Trade Pacts Should Help With Export Goal
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The Obama administration has its hands full with another sensitive international issue: free trade agreements. But this one is sensitive here at home, where Americans have grown far more skeptical of the benefits of free trade. NPR's Scott Horsley reports.
SCOTT HORSLEY: The administration plans to submit its new trade agreement with South Korea to Congress for approval within the next few weeks, and officials hope the Senate will ratify it later this spring. The administration is also starting to move forward on two other long-stalled trade deals, with Panama and Colombia. They were negotiated during the Bush administration but never acted on by the Democratic Congress.
U.S. trade representative Ron Kirk told the House Ways and Means Committee he's sending a team of negotiators to Colombia next week.
Mr. RON KIRK (U.S. Trade Representative): The president has directed me to immediately intensify our engagement with our partners in Colombia and Panama with the objective of resolving the outstanding issues as soon as possible this year.
HORSLEY: Most of those outstanding issues revolve around labor rights. Kirk says both Panama and Colombia have made progress in that area but that more needs to be done before President Obama signs off on the deals. Republicans on the committee are not satisfied with the administration's timetable.
Texas Congressman Sam Johnson grilled Kirk over what's taking so long.
Representative SAM JOHNSON (Republican, Texas): We're spinning our wheels. I'd like to know why we're delaying, because other nations in the world are taking our place in the trade environment.
HORSLEY: Congressman Johnson and Ambassador Kirk share Texas roots. Kirk notes it's not just residents of the Lone Star State who have to be sold on the deals.
Mr. KIRK: Texas is the number one exporting state in the country, so you don't need to convince me how important these agreements would be to our economy. But when I raised my hand and took that oath, I agreed to be United States trade representative for the entire country. My wife is from Detroit, and so I brought with me not just our passion for exports that we have in Texas, but I also brought with me the concern and frustration of all of my in-laws. In Detroit, in Cleveland, in Pittsburgh, they believe they haven't benefited from trade.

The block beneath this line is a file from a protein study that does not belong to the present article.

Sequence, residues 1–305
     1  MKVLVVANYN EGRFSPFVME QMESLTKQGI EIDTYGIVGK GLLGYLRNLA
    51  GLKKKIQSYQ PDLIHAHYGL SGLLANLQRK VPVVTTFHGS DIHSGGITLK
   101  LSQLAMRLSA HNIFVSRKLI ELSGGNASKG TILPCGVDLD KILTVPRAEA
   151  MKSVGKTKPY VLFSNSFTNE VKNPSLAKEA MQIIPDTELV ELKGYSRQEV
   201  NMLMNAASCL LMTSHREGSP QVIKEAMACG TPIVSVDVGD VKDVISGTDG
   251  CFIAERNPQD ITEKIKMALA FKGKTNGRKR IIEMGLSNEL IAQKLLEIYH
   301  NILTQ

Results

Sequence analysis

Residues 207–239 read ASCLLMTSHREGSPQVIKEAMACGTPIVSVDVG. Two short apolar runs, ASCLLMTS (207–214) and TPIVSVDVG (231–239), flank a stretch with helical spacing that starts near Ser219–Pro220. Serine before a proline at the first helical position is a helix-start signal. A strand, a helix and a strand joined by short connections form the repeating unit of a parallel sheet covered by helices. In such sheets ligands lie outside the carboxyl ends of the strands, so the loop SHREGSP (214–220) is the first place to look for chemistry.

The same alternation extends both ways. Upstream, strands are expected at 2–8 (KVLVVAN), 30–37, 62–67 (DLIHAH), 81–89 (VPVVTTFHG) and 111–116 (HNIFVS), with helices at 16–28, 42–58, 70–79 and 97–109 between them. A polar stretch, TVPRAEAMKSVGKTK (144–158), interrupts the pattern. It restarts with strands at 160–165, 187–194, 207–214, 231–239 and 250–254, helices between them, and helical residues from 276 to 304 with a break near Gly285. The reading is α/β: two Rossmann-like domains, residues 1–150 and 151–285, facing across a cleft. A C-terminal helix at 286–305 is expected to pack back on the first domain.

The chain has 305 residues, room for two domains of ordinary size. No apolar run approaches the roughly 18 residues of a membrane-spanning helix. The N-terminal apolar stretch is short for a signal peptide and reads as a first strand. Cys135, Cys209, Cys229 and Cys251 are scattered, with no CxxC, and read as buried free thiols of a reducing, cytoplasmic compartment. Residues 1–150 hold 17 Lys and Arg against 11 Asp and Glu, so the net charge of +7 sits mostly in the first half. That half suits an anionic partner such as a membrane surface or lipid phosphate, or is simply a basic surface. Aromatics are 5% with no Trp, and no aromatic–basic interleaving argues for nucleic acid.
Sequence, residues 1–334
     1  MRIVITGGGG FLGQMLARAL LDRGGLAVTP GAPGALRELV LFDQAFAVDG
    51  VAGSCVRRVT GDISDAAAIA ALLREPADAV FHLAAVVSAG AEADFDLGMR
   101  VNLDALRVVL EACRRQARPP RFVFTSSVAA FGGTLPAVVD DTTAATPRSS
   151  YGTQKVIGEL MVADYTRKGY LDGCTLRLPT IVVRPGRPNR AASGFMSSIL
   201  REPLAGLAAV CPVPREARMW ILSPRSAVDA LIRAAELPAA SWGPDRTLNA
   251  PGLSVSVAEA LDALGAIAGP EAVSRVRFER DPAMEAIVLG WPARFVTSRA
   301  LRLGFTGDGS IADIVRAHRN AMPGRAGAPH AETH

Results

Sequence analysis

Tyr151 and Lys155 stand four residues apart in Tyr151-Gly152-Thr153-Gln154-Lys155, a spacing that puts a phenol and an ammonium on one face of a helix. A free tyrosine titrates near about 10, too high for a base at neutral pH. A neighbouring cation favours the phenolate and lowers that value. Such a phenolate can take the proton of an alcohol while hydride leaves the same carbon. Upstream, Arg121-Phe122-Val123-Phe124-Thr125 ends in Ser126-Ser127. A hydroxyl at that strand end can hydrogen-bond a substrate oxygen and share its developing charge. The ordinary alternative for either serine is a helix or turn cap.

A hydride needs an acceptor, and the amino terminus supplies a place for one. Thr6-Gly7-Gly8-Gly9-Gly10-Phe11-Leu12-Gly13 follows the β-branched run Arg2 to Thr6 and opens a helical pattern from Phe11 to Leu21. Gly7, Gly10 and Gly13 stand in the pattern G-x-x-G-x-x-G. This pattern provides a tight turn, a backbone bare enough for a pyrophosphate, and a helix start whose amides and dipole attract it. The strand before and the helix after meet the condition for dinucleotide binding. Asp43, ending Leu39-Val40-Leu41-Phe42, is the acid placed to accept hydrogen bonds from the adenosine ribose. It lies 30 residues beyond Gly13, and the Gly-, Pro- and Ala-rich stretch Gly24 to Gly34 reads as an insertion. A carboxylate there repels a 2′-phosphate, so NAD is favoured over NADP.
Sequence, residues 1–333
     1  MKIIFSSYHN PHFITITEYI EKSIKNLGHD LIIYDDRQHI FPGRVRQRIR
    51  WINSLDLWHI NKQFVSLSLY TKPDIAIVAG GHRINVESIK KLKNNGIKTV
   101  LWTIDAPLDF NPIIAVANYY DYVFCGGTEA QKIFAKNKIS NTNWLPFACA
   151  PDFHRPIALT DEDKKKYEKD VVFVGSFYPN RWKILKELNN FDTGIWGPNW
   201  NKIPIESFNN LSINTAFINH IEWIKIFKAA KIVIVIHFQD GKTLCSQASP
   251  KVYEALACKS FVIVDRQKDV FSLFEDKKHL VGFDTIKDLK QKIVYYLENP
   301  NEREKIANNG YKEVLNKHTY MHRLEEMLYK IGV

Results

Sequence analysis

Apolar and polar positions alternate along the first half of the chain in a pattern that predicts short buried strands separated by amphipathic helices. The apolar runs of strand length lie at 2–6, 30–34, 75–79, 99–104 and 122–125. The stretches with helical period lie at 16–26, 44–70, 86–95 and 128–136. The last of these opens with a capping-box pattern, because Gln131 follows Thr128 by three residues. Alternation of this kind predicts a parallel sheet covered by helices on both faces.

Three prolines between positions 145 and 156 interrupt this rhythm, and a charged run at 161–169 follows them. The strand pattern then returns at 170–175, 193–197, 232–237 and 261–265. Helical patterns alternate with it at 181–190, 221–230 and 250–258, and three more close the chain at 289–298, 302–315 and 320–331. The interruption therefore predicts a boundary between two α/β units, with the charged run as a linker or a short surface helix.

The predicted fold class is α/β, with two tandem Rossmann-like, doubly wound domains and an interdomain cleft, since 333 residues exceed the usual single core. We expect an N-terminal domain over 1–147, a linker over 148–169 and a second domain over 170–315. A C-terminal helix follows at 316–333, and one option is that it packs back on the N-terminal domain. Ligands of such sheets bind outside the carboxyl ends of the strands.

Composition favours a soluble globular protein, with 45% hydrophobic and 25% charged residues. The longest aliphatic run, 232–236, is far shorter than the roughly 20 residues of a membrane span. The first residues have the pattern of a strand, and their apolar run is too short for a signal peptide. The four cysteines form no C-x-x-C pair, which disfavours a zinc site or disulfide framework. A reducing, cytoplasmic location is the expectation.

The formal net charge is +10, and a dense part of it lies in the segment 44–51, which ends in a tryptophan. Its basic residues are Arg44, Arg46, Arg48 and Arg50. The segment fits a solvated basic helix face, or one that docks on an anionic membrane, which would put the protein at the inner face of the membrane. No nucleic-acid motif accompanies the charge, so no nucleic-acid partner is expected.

HORSLEY: Even among Republicans, support for free trade agreements has fallen sharply in the last decade. Dartmouth economist Matthew Slaughter, who studies the politics of globalization, says regaining that trust will not be easy.
Professor MATTHEW SLAUGHTER (Dartmouth University): Policymakers and economists can talk about the benefits of trade in the abstract, but I think what a lot of Americans are waiting to see is some tangible evidence of that. The best way to do it would be some meaningful trade agreements that help gain greater access for American workers to participate in a lot of economic growth in the rest of the world.
HORSLEY: The White House says by driving a hard bargain with South Korea, it was able to win greater access to that market for U.S. carmakers. Both automakers and the UAW have endorsed the deal. Kirk hopes to win similarly broad support for future trade agreements, in effect persuading everyone's in-laws there's something in it for them.
Mr. KIRK: What the American public care about is jobs. One, we've got to do a better job of articulating to the public how when we provide opportunities for Americans to sell what we make, grow, produce around the world, that can help create jobs here.
HORSLEY: Kirk says otherwise without new trade agreements it would be difficult for President Obama to meet his five-year goal of doubling U.S. exports.
Scott Horsley, NPR News, Washington.
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